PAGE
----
It also draws south central Pennsylvania’s increasingly competitive cities and suburbs into three solid Republican districts.

“There should be a somewhat competitive seat in south central [Pennsylvania] and this map fails at doing so,” Syzmanski said.

His assessment was echoed by some on social media, many of whom lived in the region, and bristled at the three-way split.

no pic.twitter.com/spD4Aovtfh

— Dan Doubet (@dandoubet) September 9, 2021

I actively hate that the cap region is split up in this map for about a thousand reasons

— obnoxiously pitt girl (@_ms_flood) September 9, 2021

 

With so many competing priorities, observed political analyst Ben Forstate, someone will walk away unhappy with the proposal.

A district attempting to keep a community together, such as Harrisburg and its suburbs, might have to ignore county lines or river banks, Forstate noted. But prioritize avoiding those splits, and a mapper might join dissimilar regions to get to the right population.

“Dauphin County is very diverse and it was thrown in with a part of the state which is not particularly diverse and doesn’t have a lot of direct ties,” Forstate said. “On the other hand, I think there’s a lot of competing priorities in this map, and one is to minimize county splits.”

Some groups have already begun to focus on how to arrange priorities. 

Pennsylvania Voice is a coalition of progressive advocacy groups that represent the “fastest growing communities,” including Latino and Asian communities, but that “are significantly under-represented in local and state elected office.”

The group is more focused on state-level redistricting. But Salewa Ogunmefun, the group’s executive director, told to the Capital-Star last month that “a simple circle or simple square” is “not the reality of how people live their lives.”

While focusing on making a pleasant district to look at may seem an easy way to avoid gerrymandering, such a district could still fall short of representation, especially for minority communities, Ogunmefun said.

Instead, mappers of all stripes should make the “representation of the community and the ability for communities to have authority of governance of themselves” as much a priority as basics, such as compactness and contiguity.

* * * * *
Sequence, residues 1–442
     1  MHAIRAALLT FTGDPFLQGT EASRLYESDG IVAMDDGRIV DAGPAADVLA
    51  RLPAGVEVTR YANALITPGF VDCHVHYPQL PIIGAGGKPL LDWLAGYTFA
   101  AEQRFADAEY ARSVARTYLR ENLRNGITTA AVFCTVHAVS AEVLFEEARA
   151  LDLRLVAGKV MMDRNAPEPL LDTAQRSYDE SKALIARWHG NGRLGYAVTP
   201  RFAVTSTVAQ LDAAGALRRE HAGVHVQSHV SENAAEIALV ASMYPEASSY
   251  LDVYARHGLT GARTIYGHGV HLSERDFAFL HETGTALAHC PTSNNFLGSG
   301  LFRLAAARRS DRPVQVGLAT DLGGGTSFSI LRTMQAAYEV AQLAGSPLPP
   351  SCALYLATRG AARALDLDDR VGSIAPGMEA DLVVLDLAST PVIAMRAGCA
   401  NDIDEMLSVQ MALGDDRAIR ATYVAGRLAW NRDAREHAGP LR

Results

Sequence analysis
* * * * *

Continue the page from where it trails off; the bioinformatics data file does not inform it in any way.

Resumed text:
Thornburgh acknowledged that competing priorities make a different map.

“It’s a Rubik’s Cube problem,” he said. “You change one thing, you have to change something else. 

But overall, he challenged others who disagreed with his proposal to offer up their own vision. 

“I’ve been living with this mapmaking business for five years now. There’s no such thing as a perfect map, it always embeds a series of compromises,” Thornburgh said. “And the question is, what are they?”

The compromises in the Citizens’ Map, he added, already could claim some legitimacy from the more than 7,000 Pennsylvanians who submitted maps to his organization.

Pa. redistricting is poised to be transparent. Will it be fair? Advocates think yes.

The map was also shared with all 253 state legislators,, Thornburgh said, who will have the final say on the congressional map. Under state law, the congressional districts are passed like legislation and must be signed into law by Gov. Tom Wolf.

This presents Wolf, a Democrat, and the Republican-controlled General Assembly with a need to find compromise. Otherwise, the state’s high court could once again step in and draw the map.

The state legislative maps will be drawn by a separate commission, run by the four legislative floor leaders and a fifth member, chair Mark Nordenberg.

The maps also must be completed by January 2022, otherwise candidates for office will not know what districts they will run in and where they have to collect signatures to appear on the ballot.



Originally published at www.penncapital-star.com,by Stephen Caruso